Outside of the top-five women, there was a gap to the rest of the women’s field, but a heated race was happening, and, to be clear, Team France was coming on really strong. At 29k, members of Team France occupied positions 1, 2, 6, 7, and 10. With only three members scoring for the team, there was tons of room for things to go wrong for someone–or two women. Foreshadowing? Nope, Team France would close the race’s final 21k just as well as they were running here, and absolutely kill the rest of the women’s team race. A gold medal for Team France again.

2017 Trail World Championships - Nathalie Maucliar - 9km

Nathalie Mauclair under control at 9km. Photo: iRunFar/Bryon Powell

Adeline struggled some with stomach issues in the race, and as part of this, she gave back all of her lead over the race’s final third. Near the end of the race, Amandine caught her. Across the line the women would go one-two and three seconds apart from each other, Adeline in first and taking the title of individual trail world champion. They grinned and celebrated together, clearly happy for each other. After the race, Amandine said that she wanted her friend to win, and that she was happy to finish second and help guarantee a Team France victory.

2017 Trail World Championships - Adeline Roche - Amandine Ferrato

Adeline Roche finishing ahead of teammate Amandine Ferrato to win the 2017 Trail World Championships. Photo: iRunFar/Bryon Powell

It was quite a while until we would see third-place Silvia Rampazzo at the finish–some 11 minutes–but she was welcomed with a lot of support in being the top finisher of the home team. As someone we haven’t seen race until recently, we’ve now watched her run an impressive double: second at the Zegama Marathon two weeks ago and, now, third here. She passed on doing an interview with us both times, so we’re not able to provide much other information about Silvia and her performances.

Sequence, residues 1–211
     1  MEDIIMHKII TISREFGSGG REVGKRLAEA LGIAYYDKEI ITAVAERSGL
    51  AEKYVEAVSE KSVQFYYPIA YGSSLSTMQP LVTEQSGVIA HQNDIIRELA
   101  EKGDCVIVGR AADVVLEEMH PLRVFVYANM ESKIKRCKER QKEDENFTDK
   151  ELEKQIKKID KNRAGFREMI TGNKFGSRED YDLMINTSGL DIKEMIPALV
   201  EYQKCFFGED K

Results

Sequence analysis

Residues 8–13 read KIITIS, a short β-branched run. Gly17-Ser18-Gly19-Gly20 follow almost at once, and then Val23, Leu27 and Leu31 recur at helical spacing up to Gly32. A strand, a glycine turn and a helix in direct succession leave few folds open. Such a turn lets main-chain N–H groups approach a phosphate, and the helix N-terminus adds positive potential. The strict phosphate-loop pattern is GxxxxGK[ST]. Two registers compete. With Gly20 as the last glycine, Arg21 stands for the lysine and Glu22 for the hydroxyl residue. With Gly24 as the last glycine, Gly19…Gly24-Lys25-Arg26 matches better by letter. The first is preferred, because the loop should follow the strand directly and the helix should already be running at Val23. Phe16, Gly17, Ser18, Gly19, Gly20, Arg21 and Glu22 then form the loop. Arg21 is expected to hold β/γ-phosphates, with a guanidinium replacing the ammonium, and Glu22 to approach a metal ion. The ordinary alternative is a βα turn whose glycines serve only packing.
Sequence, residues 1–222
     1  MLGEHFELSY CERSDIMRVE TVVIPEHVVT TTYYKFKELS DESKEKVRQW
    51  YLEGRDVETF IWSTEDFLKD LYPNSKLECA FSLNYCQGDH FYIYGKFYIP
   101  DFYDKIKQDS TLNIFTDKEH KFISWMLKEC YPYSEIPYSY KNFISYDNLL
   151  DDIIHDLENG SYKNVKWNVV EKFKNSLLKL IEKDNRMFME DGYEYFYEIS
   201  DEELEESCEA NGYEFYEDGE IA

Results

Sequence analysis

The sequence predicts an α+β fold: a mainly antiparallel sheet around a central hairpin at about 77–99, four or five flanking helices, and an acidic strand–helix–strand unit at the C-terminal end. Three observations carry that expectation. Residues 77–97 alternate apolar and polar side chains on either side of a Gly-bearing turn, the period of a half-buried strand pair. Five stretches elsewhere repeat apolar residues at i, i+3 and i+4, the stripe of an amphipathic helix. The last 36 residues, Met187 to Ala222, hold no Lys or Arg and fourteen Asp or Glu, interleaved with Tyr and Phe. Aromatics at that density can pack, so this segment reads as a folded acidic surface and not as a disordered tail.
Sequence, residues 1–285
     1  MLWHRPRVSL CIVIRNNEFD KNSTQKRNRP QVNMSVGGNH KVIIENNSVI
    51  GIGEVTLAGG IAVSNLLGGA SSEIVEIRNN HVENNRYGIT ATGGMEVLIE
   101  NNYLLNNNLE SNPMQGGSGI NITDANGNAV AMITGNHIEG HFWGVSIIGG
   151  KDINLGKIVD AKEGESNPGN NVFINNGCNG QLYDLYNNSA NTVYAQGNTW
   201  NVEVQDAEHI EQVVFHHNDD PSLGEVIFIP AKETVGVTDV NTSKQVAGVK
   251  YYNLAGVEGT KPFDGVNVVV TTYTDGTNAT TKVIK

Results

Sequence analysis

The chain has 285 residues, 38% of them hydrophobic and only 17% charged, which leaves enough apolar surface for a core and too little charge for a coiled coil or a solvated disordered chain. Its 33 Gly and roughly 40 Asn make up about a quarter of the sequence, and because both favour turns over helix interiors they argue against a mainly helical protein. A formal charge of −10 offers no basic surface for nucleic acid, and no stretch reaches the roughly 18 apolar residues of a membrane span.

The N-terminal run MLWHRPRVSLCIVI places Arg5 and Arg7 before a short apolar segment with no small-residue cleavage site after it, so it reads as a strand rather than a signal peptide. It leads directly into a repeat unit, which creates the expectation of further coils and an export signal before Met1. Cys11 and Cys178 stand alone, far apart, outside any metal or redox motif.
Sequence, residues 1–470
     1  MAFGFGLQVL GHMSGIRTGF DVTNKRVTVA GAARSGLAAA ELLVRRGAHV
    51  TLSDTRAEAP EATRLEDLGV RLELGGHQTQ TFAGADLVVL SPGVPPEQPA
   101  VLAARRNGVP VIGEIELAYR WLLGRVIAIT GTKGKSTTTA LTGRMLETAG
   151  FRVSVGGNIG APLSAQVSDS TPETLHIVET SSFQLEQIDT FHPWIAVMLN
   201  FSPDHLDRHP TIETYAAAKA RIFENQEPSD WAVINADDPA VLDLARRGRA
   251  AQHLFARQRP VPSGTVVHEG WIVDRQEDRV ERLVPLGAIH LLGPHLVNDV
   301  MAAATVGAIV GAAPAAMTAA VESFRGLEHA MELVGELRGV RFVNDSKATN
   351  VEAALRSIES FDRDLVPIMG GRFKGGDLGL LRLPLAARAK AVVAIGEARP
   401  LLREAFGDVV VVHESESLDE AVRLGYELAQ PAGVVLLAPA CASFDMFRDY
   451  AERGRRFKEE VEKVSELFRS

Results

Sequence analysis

2017 Trail World Championships - Silvia Rampazzo - finish

Silvia Rampazzo making the host country proud with a third-place finish at the 2017 Trail World Championships. Photo: iRunFar/Bryon Powell

Ragna ultimately finished in fourth position and France’s Nathalie Mauclair (pre-race interview), who started out comfortably and consistently moved up to finish fifth position, stamping Team France’s victory in serious style.

2017 Trail World Championships - Ragna Debats - 29km

Ragna Debats cruising along at 29km. Photo: iRunFar/Meghan Hicks

France’s Celia Lafaye, who’d run inside the top 10 for the whole race, finished a very strong sixth place. Spain’s Laia Cañes took seventh and the top spot for Team Spain, who was clearly having a challenging team race compared to their very strong second-place team medal last year. Another Frenchwoman, Lucie Jamsin, took eighth. Ninth and 10th positions were filled out by Austria’s Sandra Koblmüller and Germany’s Elizabeth Fladerer.

2017 Trail World Championships - Laia Cañes - 19km

Laia Cañes leading the Spaniards at 19km. Photo: iRunFar/Meghan Hicks

Team Italy, the home team, would end up with the silver medal, with Italy filling positions 12 and 15 with Gloria Giudici and Barbara Bani. Team Spain, last year’s silver medalist, squeaked in to bronze position this year via Anna Comet’s (pre-race interview) 14th-place finish and Gemma Arena’s (pre-race interview) 25th place. (Teams are scored by time, but the times work out.)

2017 Trail World Championships - Gemma Arenas - Nathalie Maucliar - 9km

Gemma Arenas with Nathalie Mauclair at 9km. Photo: iRunFar/Bryon Powell

Ladia, who worked the front of the race for such a long time, would ultimately finish as first American in 13th place.